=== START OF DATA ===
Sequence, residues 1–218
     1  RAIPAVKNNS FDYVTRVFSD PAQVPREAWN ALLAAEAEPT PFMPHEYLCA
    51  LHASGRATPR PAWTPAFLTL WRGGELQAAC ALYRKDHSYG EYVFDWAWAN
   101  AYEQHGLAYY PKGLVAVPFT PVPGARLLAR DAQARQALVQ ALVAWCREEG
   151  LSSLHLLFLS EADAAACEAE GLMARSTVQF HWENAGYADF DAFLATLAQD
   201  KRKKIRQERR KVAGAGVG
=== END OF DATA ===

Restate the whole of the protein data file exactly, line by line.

Sequence, residues 1–218
     1  RAIPAVKNNS FDYVTRVFSD PAQVPREAWN ALLAAEAEPT PFMPHEYLCA
    51  LHASGRATPR PAWTPAFLTL WRGGELQAAC ALYRKDHSYG EYVFDWAWAN
   101  AYEQHGLAYY PKGLVAVPFT PVPGARLLAR DAQARQALVQ ALVAWCREEG
   151  LSSLHLLFLS EADAAACEAE GLMARSTVQF HWENAGYADF DAFLATLAQD
   201  KRKKIRQERR KVAGAGVG